COLLEGE PARK, Md. – What do sails with wheels, a car topped with a stuffed turtle and a beach ball sloshing with water have in common?
All are wind-powered vehicles created as final projects by University of Maryland engineering students and set loose Tuesday in a campus wind tunnel.
Students, parents and administrators gathered in the basement of the J.M. Patterson Building to watch the culmination of design, computer drafting and old-fashioned hard work. More projects will be tested through Dec. 11.
“Keep going, keep going,” one student yelled at a vehicle that had slowed down and appeared as if it would not travel the required 33 feet.
It kept going.
The 360 students taking the school’s introduction to engineering class were placed on one of 60 teams and told to design and build a vehicle that could carry one pound. Only wind could be used to move it forward, but other energy could be harnessed to control it.
The project had to cost less than $150 and fit through a door opening.
One team, the Tradewind, made a square sail out of a shower curtain and attached it to a tripod of aluminum rods and two small wheels. The vehicle ran the 33-foot distance in 2.93 seconds.
“The requirement is that it make it from one end to the other, but there’s a little friendly competition to do it fastest,” said Steven Spivak, chairman of the fire protection engineering department and teacher of one of the class sections.
Although members of the Tradewind team said they were satisfied with their performance, they were quick to point out that one team’s vehicle took only 2.31 seconds to complete the course.
Team member Paul Ansah said Tradewind may have been able to build a faster vehicle but wanted to keep it simple. Simple also meant cost efficient. Their total expenses were $28.
“We got everything out of the dumpster,” said Matt Retzer, a team member. “The only thing we paid for was the shower curtain for the sail and some bolts.”
A team of graduate students who also accepted the challenge rolled a beach ball with a pound of water in it down the wind tunnel. Some first-year students watching admired their creativity.
Another team, the Hurricanes, built a wind-powered generator to move a vehicle to the finish line and back.
They used a contraption that looked like a metal windmill attached to an electrical generator to steer a model car. A stuffed turtle, the university mascot, rode on top of the car and carried a one-pound weight.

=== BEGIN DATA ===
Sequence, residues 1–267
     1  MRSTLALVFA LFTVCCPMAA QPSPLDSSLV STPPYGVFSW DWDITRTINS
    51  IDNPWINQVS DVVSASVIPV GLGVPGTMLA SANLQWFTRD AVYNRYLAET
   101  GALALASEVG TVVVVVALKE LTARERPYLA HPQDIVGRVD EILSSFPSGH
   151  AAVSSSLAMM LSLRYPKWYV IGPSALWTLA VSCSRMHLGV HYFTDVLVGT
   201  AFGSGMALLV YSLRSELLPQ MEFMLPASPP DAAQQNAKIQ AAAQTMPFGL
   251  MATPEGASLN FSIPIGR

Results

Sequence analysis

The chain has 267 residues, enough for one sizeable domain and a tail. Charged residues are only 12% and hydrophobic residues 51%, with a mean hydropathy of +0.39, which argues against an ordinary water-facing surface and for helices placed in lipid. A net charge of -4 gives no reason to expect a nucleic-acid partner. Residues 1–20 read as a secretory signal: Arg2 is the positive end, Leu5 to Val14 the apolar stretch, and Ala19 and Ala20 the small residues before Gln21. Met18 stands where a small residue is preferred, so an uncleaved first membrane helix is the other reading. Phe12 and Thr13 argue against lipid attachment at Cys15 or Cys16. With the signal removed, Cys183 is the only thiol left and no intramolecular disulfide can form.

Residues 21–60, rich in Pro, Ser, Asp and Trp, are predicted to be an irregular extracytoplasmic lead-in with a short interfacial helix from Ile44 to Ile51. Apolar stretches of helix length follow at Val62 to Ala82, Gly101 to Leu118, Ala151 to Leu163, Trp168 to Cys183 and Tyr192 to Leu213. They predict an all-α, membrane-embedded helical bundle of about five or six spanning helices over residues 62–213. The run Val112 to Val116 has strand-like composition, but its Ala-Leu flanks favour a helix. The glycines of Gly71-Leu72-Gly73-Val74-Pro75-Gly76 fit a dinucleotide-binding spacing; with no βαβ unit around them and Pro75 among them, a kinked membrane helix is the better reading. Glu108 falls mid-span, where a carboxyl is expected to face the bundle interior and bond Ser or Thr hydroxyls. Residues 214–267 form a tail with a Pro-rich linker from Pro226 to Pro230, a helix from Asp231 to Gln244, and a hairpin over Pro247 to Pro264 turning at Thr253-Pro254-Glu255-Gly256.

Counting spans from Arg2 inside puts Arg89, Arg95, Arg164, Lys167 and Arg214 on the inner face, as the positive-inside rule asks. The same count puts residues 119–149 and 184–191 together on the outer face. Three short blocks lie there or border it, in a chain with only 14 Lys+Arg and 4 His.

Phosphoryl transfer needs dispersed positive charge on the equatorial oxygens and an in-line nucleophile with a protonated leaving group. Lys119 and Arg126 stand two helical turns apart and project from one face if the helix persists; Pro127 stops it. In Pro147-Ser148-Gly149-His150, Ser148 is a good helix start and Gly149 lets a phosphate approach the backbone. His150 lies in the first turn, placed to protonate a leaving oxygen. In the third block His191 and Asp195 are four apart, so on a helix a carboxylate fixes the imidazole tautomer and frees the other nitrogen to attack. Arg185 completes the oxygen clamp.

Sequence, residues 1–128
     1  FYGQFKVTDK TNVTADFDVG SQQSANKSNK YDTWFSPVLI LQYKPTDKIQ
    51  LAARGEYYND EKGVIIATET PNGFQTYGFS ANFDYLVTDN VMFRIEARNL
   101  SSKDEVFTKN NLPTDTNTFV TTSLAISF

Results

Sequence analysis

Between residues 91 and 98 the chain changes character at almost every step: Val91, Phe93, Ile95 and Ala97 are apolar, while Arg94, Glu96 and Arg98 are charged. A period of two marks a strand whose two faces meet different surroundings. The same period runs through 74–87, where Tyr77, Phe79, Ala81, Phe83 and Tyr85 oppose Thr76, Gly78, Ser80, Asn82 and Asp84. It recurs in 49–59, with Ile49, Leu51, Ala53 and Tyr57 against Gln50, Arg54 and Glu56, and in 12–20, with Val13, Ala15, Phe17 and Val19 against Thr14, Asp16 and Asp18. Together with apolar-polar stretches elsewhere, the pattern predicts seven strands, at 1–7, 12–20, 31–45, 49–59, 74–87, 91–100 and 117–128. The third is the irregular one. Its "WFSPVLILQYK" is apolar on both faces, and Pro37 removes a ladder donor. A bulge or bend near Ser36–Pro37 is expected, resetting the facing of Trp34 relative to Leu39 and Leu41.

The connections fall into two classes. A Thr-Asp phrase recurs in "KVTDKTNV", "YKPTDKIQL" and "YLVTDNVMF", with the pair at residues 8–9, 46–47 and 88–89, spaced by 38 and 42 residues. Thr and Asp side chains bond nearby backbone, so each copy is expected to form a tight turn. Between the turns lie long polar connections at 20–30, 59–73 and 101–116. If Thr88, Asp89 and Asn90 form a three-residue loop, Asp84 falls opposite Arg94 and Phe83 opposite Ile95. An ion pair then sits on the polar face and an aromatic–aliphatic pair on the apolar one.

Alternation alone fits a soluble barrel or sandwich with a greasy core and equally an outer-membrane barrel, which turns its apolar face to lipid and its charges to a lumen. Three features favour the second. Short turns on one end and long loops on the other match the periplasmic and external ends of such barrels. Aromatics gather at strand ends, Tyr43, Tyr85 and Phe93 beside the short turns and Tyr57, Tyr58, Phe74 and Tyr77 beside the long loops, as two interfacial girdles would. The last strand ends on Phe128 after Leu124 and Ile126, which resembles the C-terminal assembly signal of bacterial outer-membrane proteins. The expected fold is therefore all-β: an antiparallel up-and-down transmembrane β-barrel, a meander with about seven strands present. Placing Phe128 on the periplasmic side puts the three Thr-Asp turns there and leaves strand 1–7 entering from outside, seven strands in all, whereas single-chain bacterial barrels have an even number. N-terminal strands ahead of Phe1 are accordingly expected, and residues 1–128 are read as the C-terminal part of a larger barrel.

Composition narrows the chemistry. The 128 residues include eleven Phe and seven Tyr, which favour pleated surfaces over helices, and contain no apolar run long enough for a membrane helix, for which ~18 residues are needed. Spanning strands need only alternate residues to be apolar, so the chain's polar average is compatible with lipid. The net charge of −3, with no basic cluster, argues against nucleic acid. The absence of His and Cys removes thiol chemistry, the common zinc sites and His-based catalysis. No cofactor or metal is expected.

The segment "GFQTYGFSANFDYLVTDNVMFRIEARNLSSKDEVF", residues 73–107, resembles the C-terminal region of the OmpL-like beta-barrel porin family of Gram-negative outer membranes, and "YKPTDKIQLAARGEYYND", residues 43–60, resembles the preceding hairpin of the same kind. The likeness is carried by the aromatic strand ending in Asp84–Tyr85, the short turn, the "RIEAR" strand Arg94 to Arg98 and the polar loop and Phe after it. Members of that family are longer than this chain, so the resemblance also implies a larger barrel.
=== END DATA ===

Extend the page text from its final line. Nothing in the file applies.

Their project cost $120, “including the paint,” which was red, white and yellow, the university’s colors.
John Birkmire, a senior teaching fellow for the class, said creating design projects is much more helpful than simply listening to lectures. The projects replace traditional homework and other laboratory work, he said.
They account for a substantial part of the student’s final class grade, Spivak said.
“This experience greatly enhances your design experience and also gets you excited about engineering and lets you know if it fits you,” Birkmire said.
This is the fourth year Maryland’s engineering school has required the projects. In the past, students have been told to design solar-powered cookers, windmills and human-powered water pumps.
A grant from the National Science Foundation covers costs for teaching fellows and smaller class sizes, said Tom Regan, project coordinator and an associate dean in engineering.
Regan said Maryland and six other universities divide $3 million from the science foundation. The other schools are: Howard University, Morgan State, Penn State, City College of New York, Massachusetts Institute of Technology and the University of Washington.
The idea could travel next year to a Montgomery County high school. A physics teacher from Paint Branch High School in Burtonsville has been observing Maryland’s introductory engineering class this year, Regan said. She may model a pre- engineering program at her high school after it, Regan said. -30-